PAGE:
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County report aims to reduce San Diego jail suicides

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Posted at 2:36 PM, May 04, 2017
and last updated 2017-05-04 17:36:25-04

SAN DIEGO (KGTV) - San Diego County jails had the most reported suicides than any other large county jail system in California, according to a San Diego County Grand Jury report filed Thursday. 

According to the Grand Jury's report, 46 people have taken their own life in San Diego County jails in the past 12 years. 

The report claims that San Diego Sheriff’s policies don't detail training procedures required for correctional officers to effectively reduce suicide rates. It went on to say that the department lacks the inclusion of nationally recognized protocols.

The report also said there was no process for continuous oversight of an inmate to prevent suicide.

"In light of these findings, the Grand Jury recommends an update to the policy and procedures manual, the hiring of a full-time professional mental health staff member to supervise all professional mental health workers, and the establishment of a suicide-prevention oversight group," the report stated.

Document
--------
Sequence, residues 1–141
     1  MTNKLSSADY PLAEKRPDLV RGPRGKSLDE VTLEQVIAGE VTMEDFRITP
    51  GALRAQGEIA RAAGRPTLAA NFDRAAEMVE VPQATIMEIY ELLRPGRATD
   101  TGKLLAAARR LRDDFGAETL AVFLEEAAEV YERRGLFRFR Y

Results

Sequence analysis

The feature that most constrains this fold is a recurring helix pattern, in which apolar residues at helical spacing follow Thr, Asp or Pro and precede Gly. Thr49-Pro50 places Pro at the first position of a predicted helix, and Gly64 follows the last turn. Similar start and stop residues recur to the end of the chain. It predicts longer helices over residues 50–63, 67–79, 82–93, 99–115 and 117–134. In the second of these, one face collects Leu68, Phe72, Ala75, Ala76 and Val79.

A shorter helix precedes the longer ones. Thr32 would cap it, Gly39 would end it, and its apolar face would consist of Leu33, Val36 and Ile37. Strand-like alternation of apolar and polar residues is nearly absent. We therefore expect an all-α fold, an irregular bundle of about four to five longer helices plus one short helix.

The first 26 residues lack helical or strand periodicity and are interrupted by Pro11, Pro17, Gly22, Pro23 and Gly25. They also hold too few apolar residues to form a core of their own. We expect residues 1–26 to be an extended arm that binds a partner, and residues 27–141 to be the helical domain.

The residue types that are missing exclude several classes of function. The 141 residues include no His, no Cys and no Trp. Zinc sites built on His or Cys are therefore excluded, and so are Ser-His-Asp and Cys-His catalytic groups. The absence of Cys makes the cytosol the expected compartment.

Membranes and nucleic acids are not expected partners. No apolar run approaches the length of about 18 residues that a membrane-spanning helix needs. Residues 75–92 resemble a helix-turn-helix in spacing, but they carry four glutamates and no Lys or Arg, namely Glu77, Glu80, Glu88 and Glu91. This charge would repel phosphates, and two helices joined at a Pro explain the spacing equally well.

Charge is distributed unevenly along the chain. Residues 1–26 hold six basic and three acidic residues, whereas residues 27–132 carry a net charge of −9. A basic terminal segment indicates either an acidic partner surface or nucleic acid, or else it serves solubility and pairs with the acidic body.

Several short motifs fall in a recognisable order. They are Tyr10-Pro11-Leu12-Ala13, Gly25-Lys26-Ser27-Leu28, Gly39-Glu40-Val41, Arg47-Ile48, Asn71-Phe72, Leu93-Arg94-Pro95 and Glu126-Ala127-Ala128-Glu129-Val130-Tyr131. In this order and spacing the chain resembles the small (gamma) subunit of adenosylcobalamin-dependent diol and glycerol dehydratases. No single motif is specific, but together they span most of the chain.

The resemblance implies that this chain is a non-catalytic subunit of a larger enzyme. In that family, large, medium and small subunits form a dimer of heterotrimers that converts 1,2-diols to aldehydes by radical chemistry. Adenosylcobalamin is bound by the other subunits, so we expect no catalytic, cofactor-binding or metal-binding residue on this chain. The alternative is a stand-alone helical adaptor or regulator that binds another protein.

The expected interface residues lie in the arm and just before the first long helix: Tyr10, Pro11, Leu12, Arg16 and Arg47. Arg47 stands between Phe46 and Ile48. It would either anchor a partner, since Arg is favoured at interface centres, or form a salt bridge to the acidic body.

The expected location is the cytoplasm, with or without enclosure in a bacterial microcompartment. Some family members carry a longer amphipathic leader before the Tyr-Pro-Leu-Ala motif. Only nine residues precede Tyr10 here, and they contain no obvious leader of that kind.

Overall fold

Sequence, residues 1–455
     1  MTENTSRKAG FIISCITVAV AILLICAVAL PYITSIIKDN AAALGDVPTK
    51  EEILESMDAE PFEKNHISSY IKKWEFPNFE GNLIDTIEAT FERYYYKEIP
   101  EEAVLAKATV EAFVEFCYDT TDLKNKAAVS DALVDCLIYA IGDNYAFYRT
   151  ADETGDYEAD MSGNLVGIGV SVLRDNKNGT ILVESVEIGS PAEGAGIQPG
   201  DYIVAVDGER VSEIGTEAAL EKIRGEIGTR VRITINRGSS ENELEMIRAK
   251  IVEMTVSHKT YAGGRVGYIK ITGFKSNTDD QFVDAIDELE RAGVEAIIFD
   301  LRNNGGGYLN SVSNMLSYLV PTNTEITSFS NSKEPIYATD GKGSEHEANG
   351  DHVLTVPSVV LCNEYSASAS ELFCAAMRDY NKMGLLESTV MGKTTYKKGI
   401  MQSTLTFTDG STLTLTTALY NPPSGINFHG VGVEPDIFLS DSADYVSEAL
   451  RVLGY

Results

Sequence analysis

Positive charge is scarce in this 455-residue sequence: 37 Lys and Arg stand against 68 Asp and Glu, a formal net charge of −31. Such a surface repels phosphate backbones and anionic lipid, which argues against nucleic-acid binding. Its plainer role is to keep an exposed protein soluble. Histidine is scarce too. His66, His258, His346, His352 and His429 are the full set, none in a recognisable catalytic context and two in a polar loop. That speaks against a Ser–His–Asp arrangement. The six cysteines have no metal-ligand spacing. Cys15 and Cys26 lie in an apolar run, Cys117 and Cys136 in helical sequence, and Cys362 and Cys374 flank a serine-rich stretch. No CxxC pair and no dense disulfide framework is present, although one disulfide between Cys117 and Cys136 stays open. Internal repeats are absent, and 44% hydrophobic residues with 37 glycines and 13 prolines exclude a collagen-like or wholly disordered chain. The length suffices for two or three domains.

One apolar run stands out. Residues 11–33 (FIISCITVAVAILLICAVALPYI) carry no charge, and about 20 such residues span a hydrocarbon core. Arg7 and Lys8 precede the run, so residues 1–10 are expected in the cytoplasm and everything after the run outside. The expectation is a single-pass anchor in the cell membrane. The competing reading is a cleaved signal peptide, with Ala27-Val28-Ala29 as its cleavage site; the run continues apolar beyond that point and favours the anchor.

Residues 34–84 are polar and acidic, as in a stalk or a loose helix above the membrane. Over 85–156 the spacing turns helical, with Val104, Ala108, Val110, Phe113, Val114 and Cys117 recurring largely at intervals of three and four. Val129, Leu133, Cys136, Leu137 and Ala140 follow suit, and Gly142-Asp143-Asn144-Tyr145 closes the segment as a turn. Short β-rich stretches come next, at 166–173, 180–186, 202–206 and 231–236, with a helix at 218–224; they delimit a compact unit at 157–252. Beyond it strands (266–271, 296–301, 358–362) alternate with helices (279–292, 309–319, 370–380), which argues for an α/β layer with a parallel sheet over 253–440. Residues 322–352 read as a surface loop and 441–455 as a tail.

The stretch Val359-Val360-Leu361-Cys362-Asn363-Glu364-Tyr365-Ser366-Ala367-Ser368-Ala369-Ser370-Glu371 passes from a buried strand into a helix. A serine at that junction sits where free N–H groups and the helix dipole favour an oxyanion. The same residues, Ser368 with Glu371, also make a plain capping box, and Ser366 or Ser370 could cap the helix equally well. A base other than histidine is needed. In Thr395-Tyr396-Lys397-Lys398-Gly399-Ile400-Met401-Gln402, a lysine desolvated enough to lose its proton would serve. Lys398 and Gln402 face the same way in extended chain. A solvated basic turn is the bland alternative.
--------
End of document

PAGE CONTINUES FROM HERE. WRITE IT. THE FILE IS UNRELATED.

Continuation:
Read the full report here.

Investigators said changes in 2015 regarding new protocols, however, did coincide with a seven-month period with no suicides. The report called for the need of continued effort after that period ended.

The Grand Jury report recalled one inspection at a San Diego County jail, in which investigators were researching prevention methods not already in use.

"Near the end of the inspection, a correctional officer was asked if a suicide had occurred in that facility. The answer was no, then a pause, and then 'No, there have been no suicides in this facility. You are not allowed to die in this facility,'" the report said. "As a result, the Grand Jury looked for a way to instill in the minds of all correctional staff the attitude that suicides are unacceptable."

The report offered three methods to help lower the county's rate:

  • The adoption of clear policy stating the attitude and protocols needed to minimize suicides in jail.
  • Training that includes ongoing instruction for all staff and mental health personnel working with at-risk inmates.
  • Supervisors overseeing training to ensure compliance.

"The Grand Jury believes these recommendations can be implemented quickly at low cost and will reduce suicides," the report said.

The county Grand Jury investigates operations of governmental programs in the county, cities, and special districts.


SUICIDE PREVENTION (24-HOUR HOTLINES)

San Diego County Crisis Line: 1-888-724-7240

National Suicide Prevention Lifeline: 1-800-273-8255